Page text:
An "unrepentant, life-long member of the Mongrel Mob" who punched his pregnant partner unconscious has been handed a get out of jail card - but it comes with a condition.
James Meha Te Ruruku Elkington, who has 16 children and now 13 family harm incidents next to his name since September 2020, must sign up to rehabilitation programmes aimed at getting his life back on track.
The 49-year-old appeared for sentence today, having admitted a charge in February of assault with intent to injure in relation to an attack on his partner.
On the morning of February 14 the victim found out she was pregnant and told Elkington, who was said in the police summary of facts to be happy with the news.
The pair went out and bought lunch before heading home. As the victim lay in bed, Elkington asked her to do something she would not agree to, which angered him. He then leaned over her and yelled in her ear about past issues in their relationship.
The victim was intimidated and tried to push him away, which led to an accusation from Elkington she had hit him in the face. He then punched her square in the face, with enough force that she was left dazed, and then passed out.
When she came-to several minutes later, Elkington was still yelling in her ear. He blamed her for punching him. The victim, afraid of Elkington, remained in her bedroom for the rest of the day, and all the next day.
The assault, which left her with two black eyes, happened only months after he was sentenced to prison on charges related to serious abuse against his partner culminating in strangulation, while subject to sentencing on similar charges.
His lawyer Kelly Hennessey told Open Justice outside court that Elkington's 21-month sentence last October included time already spent in custody awaiting sentence. He had been released back to his home with a probation-drafted safety plan, which included allowing him to co-habitate with his partner, who had supported him throughout.
A judge at the Nelson District Court heard today how earlier attempts to sign up to rehabilitation programmes had been thwarted by complications linked to the pandemic, with staff absences and shortages.
Judge Jo Rielly told Elkington to look in the mirror, look at his hand - make it into a fist and see how big it was. He replied that he planned to heed her advice.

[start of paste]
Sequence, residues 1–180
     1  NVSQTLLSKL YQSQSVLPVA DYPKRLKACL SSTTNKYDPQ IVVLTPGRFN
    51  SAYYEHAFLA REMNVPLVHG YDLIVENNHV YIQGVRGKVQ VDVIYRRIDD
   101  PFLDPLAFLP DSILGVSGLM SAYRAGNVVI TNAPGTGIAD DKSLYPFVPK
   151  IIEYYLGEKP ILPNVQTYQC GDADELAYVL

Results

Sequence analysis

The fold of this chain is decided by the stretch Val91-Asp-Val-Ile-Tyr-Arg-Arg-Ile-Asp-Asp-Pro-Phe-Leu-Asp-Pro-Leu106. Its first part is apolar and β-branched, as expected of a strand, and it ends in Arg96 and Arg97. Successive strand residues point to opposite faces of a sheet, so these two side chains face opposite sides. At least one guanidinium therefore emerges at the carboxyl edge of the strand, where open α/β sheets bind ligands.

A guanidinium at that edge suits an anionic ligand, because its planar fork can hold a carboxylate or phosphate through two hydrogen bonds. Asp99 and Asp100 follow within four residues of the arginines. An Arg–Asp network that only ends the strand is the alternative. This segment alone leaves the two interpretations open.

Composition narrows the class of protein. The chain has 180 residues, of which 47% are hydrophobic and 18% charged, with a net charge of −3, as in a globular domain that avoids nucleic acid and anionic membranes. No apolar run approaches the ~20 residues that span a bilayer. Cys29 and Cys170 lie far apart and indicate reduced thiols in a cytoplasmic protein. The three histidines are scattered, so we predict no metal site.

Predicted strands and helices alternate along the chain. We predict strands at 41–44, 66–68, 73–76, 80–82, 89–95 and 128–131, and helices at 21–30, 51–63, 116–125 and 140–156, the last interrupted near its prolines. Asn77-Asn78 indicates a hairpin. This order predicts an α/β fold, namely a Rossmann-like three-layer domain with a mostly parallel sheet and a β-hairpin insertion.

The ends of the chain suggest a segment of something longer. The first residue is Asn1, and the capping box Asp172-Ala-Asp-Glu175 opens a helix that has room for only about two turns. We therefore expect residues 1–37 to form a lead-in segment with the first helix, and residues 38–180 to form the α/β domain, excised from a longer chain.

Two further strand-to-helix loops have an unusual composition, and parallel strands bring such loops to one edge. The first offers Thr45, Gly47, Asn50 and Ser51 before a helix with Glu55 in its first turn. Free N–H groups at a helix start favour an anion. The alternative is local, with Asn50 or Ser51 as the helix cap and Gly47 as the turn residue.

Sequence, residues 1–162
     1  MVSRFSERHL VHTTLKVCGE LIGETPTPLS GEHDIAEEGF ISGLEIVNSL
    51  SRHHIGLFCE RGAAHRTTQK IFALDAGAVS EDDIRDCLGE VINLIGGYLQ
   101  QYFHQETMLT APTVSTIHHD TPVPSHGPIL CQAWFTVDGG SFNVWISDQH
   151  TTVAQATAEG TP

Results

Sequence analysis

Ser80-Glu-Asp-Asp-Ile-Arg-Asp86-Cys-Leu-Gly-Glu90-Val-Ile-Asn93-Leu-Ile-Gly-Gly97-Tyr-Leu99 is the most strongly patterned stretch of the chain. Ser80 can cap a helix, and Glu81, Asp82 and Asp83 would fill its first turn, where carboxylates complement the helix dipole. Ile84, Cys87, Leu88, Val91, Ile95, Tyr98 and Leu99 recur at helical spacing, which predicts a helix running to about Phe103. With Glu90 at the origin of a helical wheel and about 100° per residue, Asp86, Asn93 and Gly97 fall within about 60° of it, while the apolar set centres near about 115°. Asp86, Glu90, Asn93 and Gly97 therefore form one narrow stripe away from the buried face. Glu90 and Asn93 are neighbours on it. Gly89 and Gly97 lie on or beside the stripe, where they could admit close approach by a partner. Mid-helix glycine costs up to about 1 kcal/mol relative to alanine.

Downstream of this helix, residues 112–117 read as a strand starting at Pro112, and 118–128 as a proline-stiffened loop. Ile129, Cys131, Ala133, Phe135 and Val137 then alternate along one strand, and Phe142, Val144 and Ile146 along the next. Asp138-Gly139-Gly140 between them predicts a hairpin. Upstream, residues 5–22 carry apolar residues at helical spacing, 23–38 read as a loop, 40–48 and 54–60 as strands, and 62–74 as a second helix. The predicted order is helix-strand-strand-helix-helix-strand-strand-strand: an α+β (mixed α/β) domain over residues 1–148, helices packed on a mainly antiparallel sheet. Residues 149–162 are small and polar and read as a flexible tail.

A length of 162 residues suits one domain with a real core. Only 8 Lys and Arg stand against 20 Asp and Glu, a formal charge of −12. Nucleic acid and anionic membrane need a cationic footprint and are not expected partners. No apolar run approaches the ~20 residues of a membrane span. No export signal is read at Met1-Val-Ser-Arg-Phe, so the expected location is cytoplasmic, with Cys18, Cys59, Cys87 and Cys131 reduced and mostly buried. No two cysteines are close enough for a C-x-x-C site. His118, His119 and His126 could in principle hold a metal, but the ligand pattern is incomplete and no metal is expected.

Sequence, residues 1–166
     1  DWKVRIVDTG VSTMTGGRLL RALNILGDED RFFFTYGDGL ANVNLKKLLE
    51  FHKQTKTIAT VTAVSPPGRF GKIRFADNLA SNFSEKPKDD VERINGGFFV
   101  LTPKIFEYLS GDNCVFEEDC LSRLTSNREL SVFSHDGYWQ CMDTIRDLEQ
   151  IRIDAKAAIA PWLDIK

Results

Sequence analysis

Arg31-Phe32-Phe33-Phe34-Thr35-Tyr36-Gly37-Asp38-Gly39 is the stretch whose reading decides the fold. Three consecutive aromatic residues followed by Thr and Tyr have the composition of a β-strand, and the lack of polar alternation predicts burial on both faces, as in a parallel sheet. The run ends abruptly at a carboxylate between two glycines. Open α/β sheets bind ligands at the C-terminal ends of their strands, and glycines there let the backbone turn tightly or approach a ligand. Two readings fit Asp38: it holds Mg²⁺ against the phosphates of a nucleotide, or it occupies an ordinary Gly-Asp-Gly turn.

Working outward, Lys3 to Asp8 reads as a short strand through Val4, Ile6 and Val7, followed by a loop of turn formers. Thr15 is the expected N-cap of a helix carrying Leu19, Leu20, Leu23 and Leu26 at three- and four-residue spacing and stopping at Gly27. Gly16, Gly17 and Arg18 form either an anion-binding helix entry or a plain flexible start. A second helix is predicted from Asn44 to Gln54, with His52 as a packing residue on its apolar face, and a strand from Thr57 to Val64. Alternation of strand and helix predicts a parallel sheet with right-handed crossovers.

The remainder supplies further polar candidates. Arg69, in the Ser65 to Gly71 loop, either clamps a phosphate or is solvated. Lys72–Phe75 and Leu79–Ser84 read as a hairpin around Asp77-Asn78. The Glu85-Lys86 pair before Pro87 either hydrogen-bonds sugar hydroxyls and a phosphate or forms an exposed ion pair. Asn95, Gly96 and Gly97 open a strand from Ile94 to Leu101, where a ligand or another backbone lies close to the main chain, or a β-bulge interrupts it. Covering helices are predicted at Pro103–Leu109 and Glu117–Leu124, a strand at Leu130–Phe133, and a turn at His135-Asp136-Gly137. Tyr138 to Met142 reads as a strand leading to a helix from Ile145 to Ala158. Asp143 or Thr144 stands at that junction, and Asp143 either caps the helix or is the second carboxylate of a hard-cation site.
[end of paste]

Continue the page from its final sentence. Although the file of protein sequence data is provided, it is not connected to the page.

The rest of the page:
"I accept your challenge, ma'am," Elkington said via video link from where he was being held in custody in Christchurch.
He was granted leave to apply for home detention, if an approved address could be found, and if Elkington committed to a list of suitable rehabilitation programmes.
Judge Rielly said the decision was based partly on matters brought to light by a cultural report which showed the significant harm Elkington had suffered as a child in more than one environment, and which had contributed to the person he had become.
She said the long list of family harm occurrences was "very concerning". She noted the victim had declined to provide a victim impact statement.
"You have 16 children - perhaps about to be 17, and you also have moko (mokopuna). You started life in what seemed to be a very happy environment."
Judge Rielly said it was evident that a turning point had been when Elkington, a child in the days it was accepted that children were not told about their whakapapa, learned that he was not the biological child of the woman he knew as his mother.
"It was a significant blow," said Judge Rielly who also noted the two women in his life who had been extremely supportive.
She said Elkington had been a troubled teen and then joined the Mongrel Mob, of which he was an "unrepentant life-long member", but he also had a level of insight into how being an active member meant he was likely to reoffend.
She said he often made promises he then did not follow, but he had a good insight into what he needed to do in order to change.
"Until you do, you will keep committing offences.
"The other thing you need to take into account is that meting out violence to your domestic partners is extremely harmful to your children and moko.
"It exposes them to go on to be violent and I'm sure you don't want them to live the life in and out of prison, that you have lived."
Judge Rielly told Elkington he "really needed" to address his drug addiction problem, and rehabilitation would help him do that.
His sentence included a set of non-association conditions, and that he attend rehabilitation programmes as directed.